C: Yes, except robots and manticores are different. Manticores are monsters and robots are robots. They can be friendly. And in the end, in that book, the teacher is probably not a robot. But here the principal is really a monster who is trying to deliver the two demigods to the General. And who the general is is a secret.

S: Alright. That sounds dangerous.

C: Yes. As usual Percy gets into a lot of troubles, small and large.

Caramel is reading The Titan's Curse: The Graphic Novel by Rick Riordan, adapted by Robert Venditti, with Attila Futaki, Greg Guilhaumond, and Chris Dickey.
Caramel is reading The Titan’s Curse: The Graphic Novel by Rick Riordan, adapted by Robert Venditti, with Attila Futaki, Greg Guilhaumond, and Chris Dickey.

S: So was this book fun to read?

C: Yes.

S: You also read the original book. What did you think of the graphic novel in relation to that?

C: As always, the graphic novel is a bit different. But not too much. Let me do a scene-by-scene comparison…

S: Really?

C: No.

S: Okay, that sounds more like you.

C: I’ll still say that both books are fun to read.

S: What did you think of the illustrations in this version?

C: They are great!

S: To me they look a bit dark.

C: A lot is happening in the dark, at night, or inside caverns.

S: So I see, it makes sense for it to be dark.

C: Yep.

S: So what do you think of the version of Percy in the graphic novels? Does he look like the Percy you imagined him to be when you were first reading the books?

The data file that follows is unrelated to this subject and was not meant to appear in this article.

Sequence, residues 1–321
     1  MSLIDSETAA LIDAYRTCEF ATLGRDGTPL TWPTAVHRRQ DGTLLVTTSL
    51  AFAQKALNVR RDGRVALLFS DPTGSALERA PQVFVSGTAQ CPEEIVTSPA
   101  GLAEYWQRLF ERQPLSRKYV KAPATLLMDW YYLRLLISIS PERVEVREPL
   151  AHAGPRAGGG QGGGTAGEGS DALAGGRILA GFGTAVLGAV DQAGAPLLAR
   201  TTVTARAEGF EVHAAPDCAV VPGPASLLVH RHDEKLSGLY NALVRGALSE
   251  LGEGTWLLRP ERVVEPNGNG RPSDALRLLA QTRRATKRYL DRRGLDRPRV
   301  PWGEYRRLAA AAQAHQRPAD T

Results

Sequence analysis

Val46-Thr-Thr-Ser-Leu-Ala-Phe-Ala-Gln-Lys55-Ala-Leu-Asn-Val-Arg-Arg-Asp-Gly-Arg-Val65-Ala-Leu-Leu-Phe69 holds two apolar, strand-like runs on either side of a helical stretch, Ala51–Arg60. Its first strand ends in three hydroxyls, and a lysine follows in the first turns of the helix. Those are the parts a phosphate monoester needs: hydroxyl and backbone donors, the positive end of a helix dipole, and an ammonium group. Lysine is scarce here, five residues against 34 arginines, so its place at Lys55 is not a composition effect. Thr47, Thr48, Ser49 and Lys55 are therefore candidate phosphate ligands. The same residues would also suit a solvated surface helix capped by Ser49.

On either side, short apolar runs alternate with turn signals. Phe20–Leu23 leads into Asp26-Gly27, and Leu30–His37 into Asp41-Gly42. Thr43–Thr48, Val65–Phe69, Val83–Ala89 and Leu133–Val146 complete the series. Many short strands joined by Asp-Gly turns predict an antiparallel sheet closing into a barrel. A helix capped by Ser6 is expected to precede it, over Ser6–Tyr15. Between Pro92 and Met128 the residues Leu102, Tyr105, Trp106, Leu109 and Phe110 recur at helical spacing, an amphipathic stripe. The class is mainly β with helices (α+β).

C: Not particularly.

S: How about the Percy in the movies?

C: Nope. My Percy is the one on the cover of the original books that Marshmallow reviewed.

S: It is interesting how the first images we build for characters stay with us. Right?

C: Yep.

S: But if you had seen the movie before the books, it might have been different. I bet when you read Harry Potter, you are seeing the movie Potter, no?

C: Yep. That is true.

S: I find that fascinating. Anyways, before we wrap up, tell me three words you’d use to describe the book.

C: Exciting, action-filled, very close to the original books.

S: Thanks. So what do you want to tell our readers as we finalize this review?

C: Stay tuned for more book bunny reviews!

Caramel enjoyed reading The Titan’s Curse: The Graphic Novel by Rick Riordan, adapted by Robert Venditti, with Attila Futaki, Greg Guilhaumond, and Chris Dickey, and is looking forward to reading the next books in the series in this format.